WWE Superstar and former member of the Shield
Posers & Wannabes
A Look Back At Tough Enough
Originally published June 26, 2003
Written by Emer Prevost
Well, after weeks of nothing, your friendly neighborhood Spider…(oops, wrong intro), I have returned to OWW, and my Wayback Machine is in working order again. But, I won’t be using it tonight. I won’t need it to talk about reality TV.
Let me start off by saying that I hate reality TV. Whether it be “Survivor,” “Big Brother,” or even “American Idol.” I see it as nothing more than the networks running out of good ideas and making up for a screenwriters strike. None of these shows were really real (except for the original reality show, “COPS”), and wind up being nothing more than suburban waste wanting to prove that they are something they aren’t. It doesn’t matter if they think they can survive in the jungle, or if they think they can sing, the shows are always dull and boring.
The WWE jumped on the reality TV bandwagon with “Tough Enough”, and proved once again that anything anyone else can do, the WWE can do just as bad.
Now, I should let you know, that I didn’t watch a lot of “Tough Enough,” but whenever I did watch it, I felt sorry for all my fellow fans for having to someday put up with some of these vapid dimwits in the ring. Sure, Chris Nowinski has proven himself, but look at Maven, Nidia, Jackie Gayda, and Linda Miles. None of them have really gone far in the company.
I find it really funny that the only “Tough Enough” competitor that is really going anywhere didn’t even win the competition. I find it even funnier that all the female winners have been downsized from wrestlers to managers. Oh well, the winners got contracts, the WWE never said anything about having to wrestle.
When I first heard about the idea of becoming a WWE superstar, I thought it was going to be a good idea. Fans from around the country and beyond sent in audition tapes where they all cut annoying promos and dressed like Kurrgan when he was with the Oddities. At this point, my hopes for something entertaining went right out the window. If the audition tapes they were showing us on RAW were any indication of the crap that was sent in, no wonder the rejects who made it on the show made it. Everyone else was just lame.
Then, the audition episode came. The finalists for the show stood in a ring, cut a promo and showed their athletic prowess. Nothing much there. Then, the show actually got started.
All contestants on the show got to live in a house that looked like it was from the “Real World”. I huge house with cameras everywhere. They had plenty of food, and warm beds, and a hot tub, and everyone just hung out. How many real stars are going to say that they trained in a posh gym, and slept in a warm bed and ate real food when they were training. If Chyna and Mick Foley’s books have taught us anything, it is that real competitors have to struggle to make it in the business.
Oh, and there was some training, too. Here is what I watched the show for. I wanted to see if these kids could handle being in the ring. They had all proved they could talk into a camera and try to make everything sound like a soap opera, so they had half of the needed WWE training, but the other half was a little tougher.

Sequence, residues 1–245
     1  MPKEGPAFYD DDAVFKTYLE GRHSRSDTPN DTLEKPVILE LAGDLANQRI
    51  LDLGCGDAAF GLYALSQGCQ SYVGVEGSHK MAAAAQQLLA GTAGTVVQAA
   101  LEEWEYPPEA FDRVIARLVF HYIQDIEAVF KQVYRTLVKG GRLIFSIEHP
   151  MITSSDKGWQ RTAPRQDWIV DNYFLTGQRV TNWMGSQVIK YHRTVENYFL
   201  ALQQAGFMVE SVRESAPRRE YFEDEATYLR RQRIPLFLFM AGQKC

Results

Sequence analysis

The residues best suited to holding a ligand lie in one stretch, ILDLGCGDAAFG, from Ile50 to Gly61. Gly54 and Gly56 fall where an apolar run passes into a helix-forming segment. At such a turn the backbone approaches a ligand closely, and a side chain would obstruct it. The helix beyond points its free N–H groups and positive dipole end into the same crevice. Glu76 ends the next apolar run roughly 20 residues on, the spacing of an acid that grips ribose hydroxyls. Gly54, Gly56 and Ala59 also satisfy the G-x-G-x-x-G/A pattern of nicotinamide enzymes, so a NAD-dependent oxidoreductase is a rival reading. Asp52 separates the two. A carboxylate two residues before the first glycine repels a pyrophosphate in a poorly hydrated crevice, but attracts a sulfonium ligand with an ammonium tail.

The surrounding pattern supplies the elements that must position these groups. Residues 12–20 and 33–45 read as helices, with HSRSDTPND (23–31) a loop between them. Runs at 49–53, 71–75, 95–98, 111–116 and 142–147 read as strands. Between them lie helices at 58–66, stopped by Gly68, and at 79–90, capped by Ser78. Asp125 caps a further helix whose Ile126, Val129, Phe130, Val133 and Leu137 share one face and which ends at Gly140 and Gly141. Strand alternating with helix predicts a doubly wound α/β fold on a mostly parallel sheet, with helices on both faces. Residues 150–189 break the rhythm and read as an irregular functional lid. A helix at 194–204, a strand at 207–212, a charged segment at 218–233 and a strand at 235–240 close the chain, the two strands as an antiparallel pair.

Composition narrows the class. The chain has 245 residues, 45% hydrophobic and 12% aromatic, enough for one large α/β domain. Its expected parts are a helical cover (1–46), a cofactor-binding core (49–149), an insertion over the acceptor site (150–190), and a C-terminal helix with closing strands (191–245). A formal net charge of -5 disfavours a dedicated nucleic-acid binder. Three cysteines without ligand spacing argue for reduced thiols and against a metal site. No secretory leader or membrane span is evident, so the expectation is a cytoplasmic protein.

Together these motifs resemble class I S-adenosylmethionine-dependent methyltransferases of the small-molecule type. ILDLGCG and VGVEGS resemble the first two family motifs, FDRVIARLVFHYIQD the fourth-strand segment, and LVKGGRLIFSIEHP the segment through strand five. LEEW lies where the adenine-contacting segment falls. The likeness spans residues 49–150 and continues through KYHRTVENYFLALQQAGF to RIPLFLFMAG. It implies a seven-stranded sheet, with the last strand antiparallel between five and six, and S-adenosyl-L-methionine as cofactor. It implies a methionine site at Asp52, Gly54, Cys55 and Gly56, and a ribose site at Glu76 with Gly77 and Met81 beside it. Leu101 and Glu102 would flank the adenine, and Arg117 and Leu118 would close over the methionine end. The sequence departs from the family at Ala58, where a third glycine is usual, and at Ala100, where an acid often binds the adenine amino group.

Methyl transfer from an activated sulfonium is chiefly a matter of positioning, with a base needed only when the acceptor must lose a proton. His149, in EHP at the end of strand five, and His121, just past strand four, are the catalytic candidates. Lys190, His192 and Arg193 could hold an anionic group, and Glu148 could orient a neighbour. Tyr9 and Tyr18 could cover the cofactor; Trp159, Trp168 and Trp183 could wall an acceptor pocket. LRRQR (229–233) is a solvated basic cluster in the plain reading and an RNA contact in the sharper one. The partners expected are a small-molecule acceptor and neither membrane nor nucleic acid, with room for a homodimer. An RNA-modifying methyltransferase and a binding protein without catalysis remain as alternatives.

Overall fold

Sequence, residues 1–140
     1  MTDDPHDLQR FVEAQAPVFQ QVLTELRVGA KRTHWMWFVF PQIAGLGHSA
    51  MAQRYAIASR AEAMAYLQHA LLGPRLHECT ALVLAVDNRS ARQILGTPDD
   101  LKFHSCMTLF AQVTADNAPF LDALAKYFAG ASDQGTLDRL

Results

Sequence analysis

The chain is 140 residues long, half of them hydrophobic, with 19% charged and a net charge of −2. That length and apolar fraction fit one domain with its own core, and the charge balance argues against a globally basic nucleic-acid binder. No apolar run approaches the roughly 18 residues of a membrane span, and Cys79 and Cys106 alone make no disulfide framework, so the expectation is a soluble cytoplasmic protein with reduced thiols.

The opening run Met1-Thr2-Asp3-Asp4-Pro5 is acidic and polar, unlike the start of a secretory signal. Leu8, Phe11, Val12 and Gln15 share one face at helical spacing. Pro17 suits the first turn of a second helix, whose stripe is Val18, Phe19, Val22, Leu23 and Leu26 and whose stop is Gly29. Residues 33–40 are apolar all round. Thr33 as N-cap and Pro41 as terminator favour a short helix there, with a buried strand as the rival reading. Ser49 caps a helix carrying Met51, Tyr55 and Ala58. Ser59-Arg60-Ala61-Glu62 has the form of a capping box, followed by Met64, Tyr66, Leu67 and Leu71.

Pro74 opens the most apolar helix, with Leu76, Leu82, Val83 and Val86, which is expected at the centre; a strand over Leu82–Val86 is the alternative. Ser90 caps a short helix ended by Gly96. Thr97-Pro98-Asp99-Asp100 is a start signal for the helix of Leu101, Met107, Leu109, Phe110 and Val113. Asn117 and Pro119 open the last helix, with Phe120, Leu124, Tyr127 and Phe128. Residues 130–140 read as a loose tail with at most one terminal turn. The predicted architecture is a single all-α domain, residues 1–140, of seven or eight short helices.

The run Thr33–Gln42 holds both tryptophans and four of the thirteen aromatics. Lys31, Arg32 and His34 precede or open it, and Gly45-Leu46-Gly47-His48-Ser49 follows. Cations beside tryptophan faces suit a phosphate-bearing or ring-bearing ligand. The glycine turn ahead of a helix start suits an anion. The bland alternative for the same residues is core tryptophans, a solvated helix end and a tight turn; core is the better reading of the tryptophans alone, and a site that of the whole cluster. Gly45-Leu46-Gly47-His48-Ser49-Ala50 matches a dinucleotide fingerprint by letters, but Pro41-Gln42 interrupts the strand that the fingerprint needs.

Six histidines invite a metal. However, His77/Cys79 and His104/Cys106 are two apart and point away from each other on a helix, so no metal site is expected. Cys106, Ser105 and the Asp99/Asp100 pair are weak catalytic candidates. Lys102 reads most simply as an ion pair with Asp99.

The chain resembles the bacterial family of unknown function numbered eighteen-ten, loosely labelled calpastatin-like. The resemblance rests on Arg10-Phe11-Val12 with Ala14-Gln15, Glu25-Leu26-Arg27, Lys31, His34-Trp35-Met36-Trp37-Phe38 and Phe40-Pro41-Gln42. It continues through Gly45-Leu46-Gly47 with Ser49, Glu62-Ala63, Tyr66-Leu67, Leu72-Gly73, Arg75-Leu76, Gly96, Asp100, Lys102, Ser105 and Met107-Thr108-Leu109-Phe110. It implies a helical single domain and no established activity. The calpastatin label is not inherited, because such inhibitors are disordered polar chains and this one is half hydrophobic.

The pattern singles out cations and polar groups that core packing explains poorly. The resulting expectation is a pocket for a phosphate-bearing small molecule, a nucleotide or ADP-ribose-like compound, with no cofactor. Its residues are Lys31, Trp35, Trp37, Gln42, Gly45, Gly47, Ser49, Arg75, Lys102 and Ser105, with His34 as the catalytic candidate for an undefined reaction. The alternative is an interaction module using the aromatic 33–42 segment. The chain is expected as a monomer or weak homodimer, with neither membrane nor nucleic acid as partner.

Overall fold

Most of these kids were complaining at the start about taking back bumps. Sure, I can understand a few complaining about the pain (what little there is landing on the ring mat), but it felt like everyone bitched about it.
In fact, I feel that the training part of the show, the part that mattered most, was where the show dropped the ball. They shouldn’t have just done a few months training. They should have done at least a year of training each season. Actually teach the rookies some moves besides the basics. No wonder Maven can only do dropkicks and cross bodies, those are the things he was taught on the show, and OVW just taught him how to master them.
Besides the lack of time to train all of these wannabes, they also got to train on beaches and fly out to exotic locales and do even more training. Here, they slept in five star hotels and ate gourmet food. Again, what real wrestler actually made it in the business with these conditions. I’ll answer for you, none. Every real wrestler trained in a dingy gym, with a bitch of a trainer, and suffered to master the art of wrestling. These kids whined about basics and were chauffeured in SUVs from the gym to their house or from their new exotic training ground to their hotel. You see why I hate reality TV, it isn’t real.
Anyway, after weeks of whining about bumps and seeming to gain almost no real experience (again, I attribute this to the lack of training on the show), the big day came, when two of these “hopefuls” were weeded out and chosen to be WWE Superstars.
After the winners were announced, you saw them for all of two weeks on RAW or SmackDown!, and they where whisked away to the isle of misfit wrestlers and talent who the WWE doesn’t want to use, Ohio Valley Wrestling (OVW) or Heartland Wrestling Association (HWA). Here is where these young stars are to sharpen their skills with the year of training that should have been given to them in the first place. But, sadly, when they come back, it feels like little has changed. They don’t seem as green, but they still aren’t clicking on all cylinders.
Now, I shall look back at all of the winners of “Tough Enough” in a segment I will call “Where Are They Now? The Tough Enough Winners.”
Maven’s only real accomplishments are eliminating the Undertaker at the Royal Rumble and winning the Hardcore Championship (and later losing it to Spike Dudley at Wrestlemania X8) twice (he won the title back from Christian later at the same Wrestlemania). Besides that, he is just another RAW/Heat jobber who wins a match one in a blue moon. Oh, and it seems that Maven is clinging to Al Snow like a baby sloth over the last few weeks. Well, Maven’s career can only go up, unless he jobs to Gillberg, then his WWE career can be classified D.O.A.
Nidia’s comeback had her as the Hurricane’s stalker (a stupid storyline to begin with) and this evolved into Nidia de-evolving into trailer trash with Jamie Noble (another great star with a rotten gimmick). Besides this, she embarrassed herself at the Girls Gone Wild pay-per-view (just like everyone else at that PPV), and was used to fuel the Sable/Torrie Wilson feud.